This past week, the Supreme Court agreed to take up the second of two cases focusing on "Chevron Deference" - a concept in American regulatory policy with nearly a half-century on the books. The two cases, Loper and Relentless, deal with the government's authority to mandate that fishing boats carry human monitors on them to oversee their fishing operations, and do so at the cost of the fishing businesses themselves. But since Congress never explicitly passed a law that says, "fishermen, you need to carry these monitors on your boats and foot the bill for the wages yourselves", where does the executive branch get the power to mandate this?
The answer is something called "Chevron Deference," which speaks to the balance of power between the judicial and executive branches of the U.S. government.
What is Chevron Deference?
In 1984, the Supreme Court decided a pivotal case: Chevron U.S.A., Inc. v. Natural Resources Defense Council, Inc. This case concerned an interpretation of the Clean Air Act by the Environmental Protection Agency (EPA), a federal administrative agency.
The Supreme Court, in its ruling, outlined a two-step process for courts to use when reviewing agency interpretations of statutes:
Step One: If the statute is clear, then both the court and the agency must follow the statute.
Step Two: If the statute is ambiguous, then the court should defer to the agency's interpretation, as long as it is a reasonable one.
In essence, Chevron deference gives agencies wide latitude to interpret ambiguous statutes they are entrusted to administer, even if the court might interpret the statute differently.
It's how, for example, when Congress passes a law like the Clean Water Act which says you cannot "pollute a navigable water of the United States", but then doesn't define "pollute", "navigable" or "water of the United States", the EPA can turn a dry patch of desert in the high desert of Nevada into a "navigable water of the United States", subject to their regulatory jurisdiction.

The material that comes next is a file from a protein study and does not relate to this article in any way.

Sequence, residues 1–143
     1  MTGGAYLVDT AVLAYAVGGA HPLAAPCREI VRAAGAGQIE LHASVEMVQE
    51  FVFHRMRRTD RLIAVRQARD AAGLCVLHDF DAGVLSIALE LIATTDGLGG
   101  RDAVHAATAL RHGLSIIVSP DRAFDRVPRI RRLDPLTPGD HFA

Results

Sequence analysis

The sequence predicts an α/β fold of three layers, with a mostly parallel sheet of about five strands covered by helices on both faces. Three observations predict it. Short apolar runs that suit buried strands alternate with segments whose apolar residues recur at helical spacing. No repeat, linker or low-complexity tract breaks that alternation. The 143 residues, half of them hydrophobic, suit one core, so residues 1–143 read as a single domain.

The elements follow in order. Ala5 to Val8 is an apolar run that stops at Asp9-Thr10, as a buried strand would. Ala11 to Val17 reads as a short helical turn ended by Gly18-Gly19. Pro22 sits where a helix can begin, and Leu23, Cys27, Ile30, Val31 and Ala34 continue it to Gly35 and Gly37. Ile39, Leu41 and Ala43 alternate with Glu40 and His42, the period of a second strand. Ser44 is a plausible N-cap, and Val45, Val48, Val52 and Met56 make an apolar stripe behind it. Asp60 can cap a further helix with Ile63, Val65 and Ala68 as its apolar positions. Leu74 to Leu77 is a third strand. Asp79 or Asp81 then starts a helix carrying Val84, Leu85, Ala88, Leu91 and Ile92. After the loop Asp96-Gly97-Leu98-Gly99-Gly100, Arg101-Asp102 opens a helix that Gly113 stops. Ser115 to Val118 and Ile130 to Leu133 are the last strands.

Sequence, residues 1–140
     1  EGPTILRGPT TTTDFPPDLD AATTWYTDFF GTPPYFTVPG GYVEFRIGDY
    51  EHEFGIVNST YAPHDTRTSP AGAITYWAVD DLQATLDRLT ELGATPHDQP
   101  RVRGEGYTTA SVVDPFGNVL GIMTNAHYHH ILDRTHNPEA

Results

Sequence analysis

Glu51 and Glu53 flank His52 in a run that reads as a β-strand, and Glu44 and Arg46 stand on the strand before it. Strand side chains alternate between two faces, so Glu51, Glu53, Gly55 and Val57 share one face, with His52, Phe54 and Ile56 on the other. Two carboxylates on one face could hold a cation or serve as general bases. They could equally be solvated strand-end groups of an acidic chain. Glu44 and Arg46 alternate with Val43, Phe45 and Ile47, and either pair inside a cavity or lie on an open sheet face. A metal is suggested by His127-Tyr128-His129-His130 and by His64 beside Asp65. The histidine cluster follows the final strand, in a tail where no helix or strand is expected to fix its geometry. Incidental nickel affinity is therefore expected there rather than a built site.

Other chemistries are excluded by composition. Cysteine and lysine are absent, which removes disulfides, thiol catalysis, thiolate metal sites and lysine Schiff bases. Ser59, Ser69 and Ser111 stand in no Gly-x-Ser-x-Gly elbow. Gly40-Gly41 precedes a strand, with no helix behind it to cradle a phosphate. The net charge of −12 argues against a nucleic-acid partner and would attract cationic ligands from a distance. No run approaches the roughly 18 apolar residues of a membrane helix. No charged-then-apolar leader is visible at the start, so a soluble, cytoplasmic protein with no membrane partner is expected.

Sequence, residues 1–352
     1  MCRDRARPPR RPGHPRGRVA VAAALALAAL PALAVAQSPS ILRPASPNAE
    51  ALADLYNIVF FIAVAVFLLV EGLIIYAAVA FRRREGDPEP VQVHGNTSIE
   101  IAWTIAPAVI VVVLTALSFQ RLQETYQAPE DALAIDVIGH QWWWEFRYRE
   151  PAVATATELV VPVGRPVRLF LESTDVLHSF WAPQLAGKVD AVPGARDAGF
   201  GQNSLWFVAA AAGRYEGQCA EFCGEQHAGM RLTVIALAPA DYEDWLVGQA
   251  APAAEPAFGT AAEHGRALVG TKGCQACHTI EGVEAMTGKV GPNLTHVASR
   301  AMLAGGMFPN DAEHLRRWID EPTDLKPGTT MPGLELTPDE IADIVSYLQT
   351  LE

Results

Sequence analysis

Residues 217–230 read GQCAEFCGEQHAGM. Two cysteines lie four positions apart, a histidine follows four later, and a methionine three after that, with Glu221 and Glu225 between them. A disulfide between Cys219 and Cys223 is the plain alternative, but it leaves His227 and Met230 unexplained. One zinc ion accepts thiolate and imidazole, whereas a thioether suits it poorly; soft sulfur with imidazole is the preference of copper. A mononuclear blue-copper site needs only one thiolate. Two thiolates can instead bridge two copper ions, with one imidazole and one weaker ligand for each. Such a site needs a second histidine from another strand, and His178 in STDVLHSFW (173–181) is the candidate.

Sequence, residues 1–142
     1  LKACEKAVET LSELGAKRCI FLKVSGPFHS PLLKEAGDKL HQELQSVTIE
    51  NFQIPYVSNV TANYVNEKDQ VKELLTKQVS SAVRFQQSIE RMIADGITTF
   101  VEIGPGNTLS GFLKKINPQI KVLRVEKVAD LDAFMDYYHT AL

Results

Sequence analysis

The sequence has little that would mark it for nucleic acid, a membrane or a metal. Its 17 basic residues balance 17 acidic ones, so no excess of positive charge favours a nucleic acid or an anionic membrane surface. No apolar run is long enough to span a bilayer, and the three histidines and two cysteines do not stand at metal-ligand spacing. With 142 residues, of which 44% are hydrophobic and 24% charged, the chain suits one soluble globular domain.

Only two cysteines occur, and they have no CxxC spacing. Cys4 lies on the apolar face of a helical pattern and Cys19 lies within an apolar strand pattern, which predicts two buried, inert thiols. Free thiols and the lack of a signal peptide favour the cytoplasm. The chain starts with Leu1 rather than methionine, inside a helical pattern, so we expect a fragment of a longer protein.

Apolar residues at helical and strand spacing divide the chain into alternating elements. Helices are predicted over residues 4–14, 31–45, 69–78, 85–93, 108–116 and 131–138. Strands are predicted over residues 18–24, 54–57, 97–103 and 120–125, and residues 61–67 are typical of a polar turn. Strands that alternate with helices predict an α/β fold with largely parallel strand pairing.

Why is Chevron Deference Controversial?
Several concerns arise from the principle of Chevron deference, especially among those wary of an expanding executive branch:
Concentration of Power: With Chevron deference, agencies can both create and interpret regulations. This means that the same entity that enforces the law is also empowered to interpret it, potentially concentrating too much power in the executive branch and thereby upsetting the balance of power among the three branches of government.
Accountability: Federal agencies are not directly accountable to voters in the same way elected officials are. When courts defer to agency interpretations, it can be argued that unelected bureaucrats are making important decisions without the direct oversight of the electorate.
Legal Stability: When administrations change, agency interpretations might change as well. This can lead to legal uncertainty, as businesses and individuals may struggle to keep up with shifting regulations.
Judicial Abdication: Critics argue that Chevron deference amounts to courts abdicating their role as the primary interpreters of the law. The judiciary, they argue, should be the final arbiter of what a statute means, not administrative agencies.
The Case for Overturning Chevron
Given these concerns, many believe that overturning Chevron deference (or at least reining it in) would be beneficial for several reasons:
Strengthening the Judiciary: It would reestablish the judiciary as the primary interpreter of laws, reinforcing the idea of checks and balances.
Enhancing Accountability: Ensuring that only clear and unambiguous laws are enacted would place the onus back on Congress to draft clear legislation, thereby making elected officials more accountable for the laws they pass.
Legal Predictability: By reducing the scope for varying interpretations by different administrations, businesses and individuals can have more predictability and stability in the legal landscape.
In conclusion, while Chevron deference was established with the aim of allowing agencies to effectively administer complex statutes, its implications on the balance of power and legal predictability have been a cause for concern. As the debate continues, it’s crucial for citizens to understand the stakes and engage in a balanced discourse about the future of administrative law in the U.S.